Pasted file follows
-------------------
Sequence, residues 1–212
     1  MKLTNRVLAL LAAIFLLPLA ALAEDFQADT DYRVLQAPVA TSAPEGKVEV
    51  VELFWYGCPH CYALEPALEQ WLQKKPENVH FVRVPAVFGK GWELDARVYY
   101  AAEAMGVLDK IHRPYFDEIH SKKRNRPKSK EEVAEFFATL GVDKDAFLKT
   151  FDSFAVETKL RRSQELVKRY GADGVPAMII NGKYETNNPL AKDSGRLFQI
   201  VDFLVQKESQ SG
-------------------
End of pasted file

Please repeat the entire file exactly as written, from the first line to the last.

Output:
Sequence, residues 1–212
     1  MKLTNRVLAL LAAIFLLPLA ALAEDFQADT DYRVLQAPVA TSAPEGKVEV
    51  VELFWYGCPH CYALEPALEQ WLQKKPENVH FVRVPAVFGK GWELDARVYY
   101  AAEAMGVLDK IHRPYFDEIH SKKRNRPKSK EEVAEFFATL GVDKDAFLKT
   151  FDSFAVETKL RRSQELVKRY GADGVPAMII NGKYETNNPL AKDSGRLFQI
   201  VDFLVQKESQ SG